given the possibility, if not desirability, of double cultural allegiance, surely [these writers] should be seen as ‘Spanish’ as well as Arabic or Hebrew, giving full recognition to the border crossings – between languages, between Andalusi city-states, between Muslim and Christian Iberia, between Iberia and North Africa or the Middle East – that mark most of their careers. (p.16)

In other words, it seems to me that she is saying that in a multicultural world, literature can’t be defined by contemporary national borders. Because, after all, in the era before the nation-state, there was no concept of a political unit based on one race, one language and one culture.  That notion did not arise until the beginnings of national unification in the C15th and was clinched politically in the early 18th century and culturally in the late 19th century. The religious homogenisation that went with it was enforced by the Inquisition, and it brought linguistic homogenisation too, offset by cultural contact with Europe and the introduction of Italian humanist ideas into Spain.  But it’s only from the late 19th century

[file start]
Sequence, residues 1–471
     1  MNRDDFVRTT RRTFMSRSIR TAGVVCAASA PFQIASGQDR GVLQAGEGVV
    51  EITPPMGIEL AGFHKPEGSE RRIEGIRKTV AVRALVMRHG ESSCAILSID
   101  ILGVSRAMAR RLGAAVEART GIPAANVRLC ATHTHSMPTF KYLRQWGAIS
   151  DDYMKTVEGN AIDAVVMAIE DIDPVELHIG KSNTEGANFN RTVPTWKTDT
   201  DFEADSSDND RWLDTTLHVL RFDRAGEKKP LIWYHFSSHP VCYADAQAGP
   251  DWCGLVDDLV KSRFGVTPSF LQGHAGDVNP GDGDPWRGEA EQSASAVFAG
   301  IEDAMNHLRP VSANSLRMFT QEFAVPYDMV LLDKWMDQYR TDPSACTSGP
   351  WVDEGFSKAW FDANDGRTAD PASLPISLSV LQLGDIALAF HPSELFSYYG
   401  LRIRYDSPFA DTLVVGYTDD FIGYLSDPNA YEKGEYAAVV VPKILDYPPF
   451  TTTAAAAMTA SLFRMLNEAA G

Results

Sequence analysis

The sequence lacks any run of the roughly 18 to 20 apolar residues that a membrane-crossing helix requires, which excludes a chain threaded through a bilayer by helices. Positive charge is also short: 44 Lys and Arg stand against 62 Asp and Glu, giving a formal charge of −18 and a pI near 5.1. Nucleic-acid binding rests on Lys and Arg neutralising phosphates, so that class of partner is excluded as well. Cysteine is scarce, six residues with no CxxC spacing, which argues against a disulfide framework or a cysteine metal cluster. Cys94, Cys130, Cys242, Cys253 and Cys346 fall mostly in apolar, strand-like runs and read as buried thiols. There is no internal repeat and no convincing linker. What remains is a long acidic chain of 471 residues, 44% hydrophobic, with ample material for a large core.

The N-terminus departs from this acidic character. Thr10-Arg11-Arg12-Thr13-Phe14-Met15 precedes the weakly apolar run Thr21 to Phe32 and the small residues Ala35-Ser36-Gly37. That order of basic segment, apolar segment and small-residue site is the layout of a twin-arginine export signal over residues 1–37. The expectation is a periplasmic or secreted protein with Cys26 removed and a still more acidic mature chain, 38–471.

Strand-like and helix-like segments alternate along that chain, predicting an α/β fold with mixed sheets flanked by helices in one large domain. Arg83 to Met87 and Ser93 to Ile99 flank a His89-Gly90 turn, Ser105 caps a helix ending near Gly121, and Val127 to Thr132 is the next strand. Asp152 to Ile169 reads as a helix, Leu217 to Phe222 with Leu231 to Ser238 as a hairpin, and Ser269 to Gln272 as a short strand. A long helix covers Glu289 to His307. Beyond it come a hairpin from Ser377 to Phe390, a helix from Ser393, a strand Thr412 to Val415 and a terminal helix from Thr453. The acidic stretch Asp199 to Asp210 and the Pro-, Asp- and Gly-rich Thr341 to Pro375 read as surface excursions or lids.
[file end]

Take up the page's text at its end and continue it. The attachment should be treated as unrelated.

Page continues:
that one can talk of ‘Spanish literature’ as part of an established corpus – one that remains largely intact today, apart from the recent addition of some women writers and the development of separate canons for Spain’s ‘historic’ nationalities’: Catalonia, Galicia, and the Basque Country.  (p. 27)

An issue that arises is, of course, the inclusion or exclusion from those separate canons, of writers who write in Castilian Spanish (the Standard Spanish that we hear on radio and TV, and spoken throughout northern and central Spain).  Some wrote in Castilian Spanish because there was no choice under Franco; some prefer to use it now because writing in Catalan, Galician or Euskara (Basque) limits the readership.  Bestselling Catalan authors like Carlos Ruiz Zafón (The Shadow of the Wind) and Ildefonso Falcones (Cathedral of the Sea and The Hand of Fatima) write in Castilian Spanish, and have an international readership in translations. Apparently there are only about a million speakers of Euskara  [which makes Bernard Atxaga’s decision to write his novel Seven Houses in France in Euskara and then have it translated into Castilian Spanish under his supervision an interesting one, presumably because the translation facilitated its translation into English and other languages].